“When children are dealing with strangers, it requires some form of caution — not only by the children but by the parents,” said David Matas, a lawyer for Beyond Borders, an organization that works to prevent child exploitation. “Parents need to inform themselves of the risks.”

    The game may not have been designed for nefarious purposes, but that’s the case with many other applications or interactive games that have wound up being used to prey on children, he explained.

    “Whether it’s used for good or bad depends upon the people who are using it.”

    WATCH: Tech experts and fans break down the Pokémon GO craze that’s hitting Canada. ()

    How the game works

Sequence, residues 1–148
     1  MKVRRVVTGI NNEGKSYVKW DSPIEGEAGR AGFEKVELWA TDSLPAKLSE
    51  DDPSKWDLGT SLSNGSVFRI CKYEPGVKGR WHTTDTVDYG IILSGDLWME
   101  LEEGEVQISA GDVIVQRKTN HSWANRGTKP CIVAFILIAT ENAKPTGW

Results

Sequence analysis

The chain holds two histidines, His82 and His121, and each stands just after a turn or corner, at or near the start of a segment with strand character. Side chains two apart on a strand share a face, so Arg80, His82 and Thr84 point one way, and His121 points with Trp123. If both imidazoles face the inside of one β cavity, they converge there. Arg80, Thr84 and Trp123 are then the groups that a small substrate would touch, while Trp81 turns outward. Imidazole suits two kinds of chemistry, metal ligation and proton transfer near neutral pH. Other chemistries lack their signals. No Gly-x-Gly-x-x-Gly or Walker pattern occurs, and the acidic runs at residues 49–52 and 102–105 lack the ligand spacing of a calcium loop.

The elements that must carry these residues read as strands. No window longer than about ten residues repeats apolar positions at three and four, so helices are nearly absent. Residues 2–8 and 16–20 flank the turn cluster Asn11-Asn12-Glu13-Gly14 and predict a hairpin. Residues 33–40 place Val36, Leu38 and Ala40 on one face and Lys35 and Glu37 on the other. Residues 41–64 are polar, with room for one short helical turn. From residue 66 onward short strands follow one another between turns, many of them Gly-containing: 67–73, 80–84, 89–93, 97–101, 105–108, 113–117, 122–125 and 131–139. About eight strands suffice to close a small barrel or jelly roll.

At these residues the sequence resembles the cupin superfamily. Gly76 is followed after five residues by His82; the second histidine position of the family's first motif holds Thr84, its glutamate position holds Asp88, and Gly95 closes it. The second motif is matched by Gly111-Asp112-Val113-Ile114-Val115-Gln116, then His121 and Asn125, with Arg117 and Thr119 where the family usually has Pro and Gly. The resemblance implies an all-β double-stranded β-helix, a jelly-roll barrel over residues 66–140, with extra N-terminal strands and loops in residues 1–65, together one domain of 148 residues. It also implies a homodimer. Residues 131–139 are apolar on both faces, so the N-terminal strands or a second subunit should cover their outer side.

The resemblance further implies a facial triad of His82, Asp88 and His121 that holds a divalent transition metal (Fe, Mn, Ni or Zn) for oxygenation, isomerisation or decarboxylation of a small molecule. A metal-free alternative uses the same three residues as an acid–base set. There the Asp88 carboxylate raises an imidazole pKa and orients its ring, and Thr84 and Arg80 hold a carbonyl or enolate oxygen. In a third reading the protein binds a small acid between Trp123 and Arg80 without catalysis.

First things first, here’s a very basic look at what you need to know about playing Pokémon GO.

    Using the app on a mobile device, the players wander around to collect virtual “Pokéballs” and capture Pokémon hidden in real-life locations. It’s quite similar to orienteering or geocaching, which uses a GPS device to locate hidden containers with hidden trinkets or tokens to exchange.

    But with Pokémon GO, users can lure others to what’s known as a “PokéStop” where you may be able to capture specific characters you’re on the hunt for, and “Pokémon gyms” where your Pokémon face off in battles.

    These locations have included everything from churches to police stations and even more somber and sensitive locations like the U.S. Holocaust Museum and Arlington National Cemetery. The stops can also be set up at individual homes, in parks or at playgrounds.

    Pokémon character Squirtle seen in the Pokémon GO game.

    Handout/Niantic Labs

    READ MORE: Auschwitz bans visitors from playing Pokémon Go

    How do you protect your kids and still let them have fun?

    The game is great for getting children — and adults — up off the couch and being active, said Signy Arnason, the director of Cybertip长沙夜网.